Niemann: First band was called Mind’s Eye. It was progressive rock, progressive metal sort of thing. We really liked Queensryche and Dream Theater. All that stuff. We did four or five records early on. And then, my brother was a guitar player. And he joined a band called Therion, which is like a gothic and symphonic metal operatic style music. And they were going to Germany to record an album, and they had just fired [the bassist], or their bass player had quit or something. They needed a bass player, so they asked me, “Do you want to go to Germany and record an album?” Uh, yes, yes, please. And so, I joined Therion, and I played with Therion from ’99 until 2007, or 2008. That ended badly, because we had been touring for years and years and just worked ourselves into the ground, basically. When I quit, I didn’t really want to play anymore, I thought. A friend of mine who plays in a band called Tiamat as a drummer, asked me if I wanted to go to Russia on tour. Like, oh yeah, sure! Okay, we’ll go see how that goes. But they wanted me to play guitar. So, I played guitar with Tiamat for two years. And then, Evergrey called and asked if I wanted to (join), because they had lost their bass player and had heard about me. We toured with Evergrey when I played in Therion, so we knew each other from years before.

FBPO: You’ve been with Evergrey longer than any of your predecessor bass players.

Niemann: Yeah, I guess so.

FBPO: It’s interesting, because I interviewed Mike Inez with Alice In Chains. I interviewed Robert Trujillo from Metallica, who was with Metallica longer than Cliff Burton. And I interviewed Jason Scheff who was with Chicago much longer than Peter Cetera. A lot of times, the replacement bass player is in the band longer than the original bass player.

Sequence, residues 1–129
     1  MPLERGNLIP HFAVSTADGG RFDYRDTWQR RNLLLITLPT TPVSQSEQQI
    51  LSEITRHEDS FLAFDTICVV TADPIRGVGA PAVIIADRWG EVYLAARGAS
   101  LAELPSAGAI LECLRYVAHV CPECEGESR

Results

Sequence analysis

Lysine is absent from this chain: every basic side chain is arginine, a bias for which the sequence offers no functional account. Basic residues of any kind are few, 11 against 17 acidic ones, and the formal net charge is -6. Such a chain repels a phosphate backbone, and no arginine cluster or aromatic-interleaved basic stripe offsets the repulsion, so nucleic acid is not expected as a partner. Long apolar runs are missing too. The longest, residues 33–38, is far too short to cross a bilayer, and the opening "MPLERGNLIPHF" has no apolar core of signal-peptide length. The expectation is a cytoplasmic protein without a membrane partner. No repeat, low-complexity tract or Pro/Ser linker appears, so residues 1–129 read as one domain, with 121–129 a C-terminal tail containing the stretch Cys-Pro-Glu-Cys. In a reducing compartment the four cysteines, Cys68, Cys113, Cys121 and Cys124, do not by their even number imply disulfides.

Niemann: Yeah, yeah, in certain bands anyway, it’s still looked upon as the new guy. 

FBPO: What’s keeping you busy these days?

Niemann: Well, we just recorded a new album with Evergrey. If you like Evergrey, and if you’ve heard the latest few records, I mean, it’s not spectacularly different. It’s more of the same, I would say. But there seems to be a lot faster songs maybe, this time slightly. And lower tunings. Tom, our singer, has a seven-string guitar that he really likes, and he tunes it down a whole step so “A” is the lowest.

FBPO: He’s getting into your territory.

Niemann: Yeah, exactly!

FBPO: What’s up with that?

Niemann: Yeah, get off my notes, you know? [Laughs]

FBPO: Do you have a title for the record?

Niemann: No, not yet.

FBPO: How about a target release date?

Niemann: February, I would say. The end of February. It’s not solidified yet.

FBPO: Tell me about your gear.

Niemann: I play a Spector bass. I have a Euro 4 LX. I’ve had that one for three years, maybe. It’s fantastic. Yeah, they make some good stuff.

FBPO: Tell me about Tech 21. They really make some great stuff.

Niemann: Oh, yeah, yeah, yeah. I’ve used their gear for years and years. First, I had that … Do you remember the first pedal they did, with like a lot of tiny switches on it?

FBPO: I think I do, yes.

Niemann: Yeah, it had four knobs and like, I don’t know, seven or nine little teeny tiny dip switches. I had that one, great pedal. I had the RBI preamp, the rack stuff. And then, I got the first VT bass pedal. And now, I have the VT bass DI. And I don’t know, it’s something about the tone of the Tech 21 stuff that, I don’t know, it just sounds so real, but better. [Laughs]

FBPO: Better than real! I love it! [Laughs]

Niemann: I like the portability. I should say also that I don’t use an amp. I’ve been ampless for six or seven years, maybe.

FBPO: Yeah, a growing trend. A lot easier these days.

Niemann: Yeah. I plug my bass into the Tech 21 pedal and into a DI box, and now I don’t even need a DI box since I have the DI box already in the pedal. I couldn’t be happier. 

FBPO: What kind of strings do you play?

Niemann: DR. They’re Hi-Beam stainless steels. The five-string set. But I play a four-string bass, so I don’t use the G string. And I think the gauges are 65, 85, 105, 130.

FBPO: You don’t use a G string? You’re really down there then.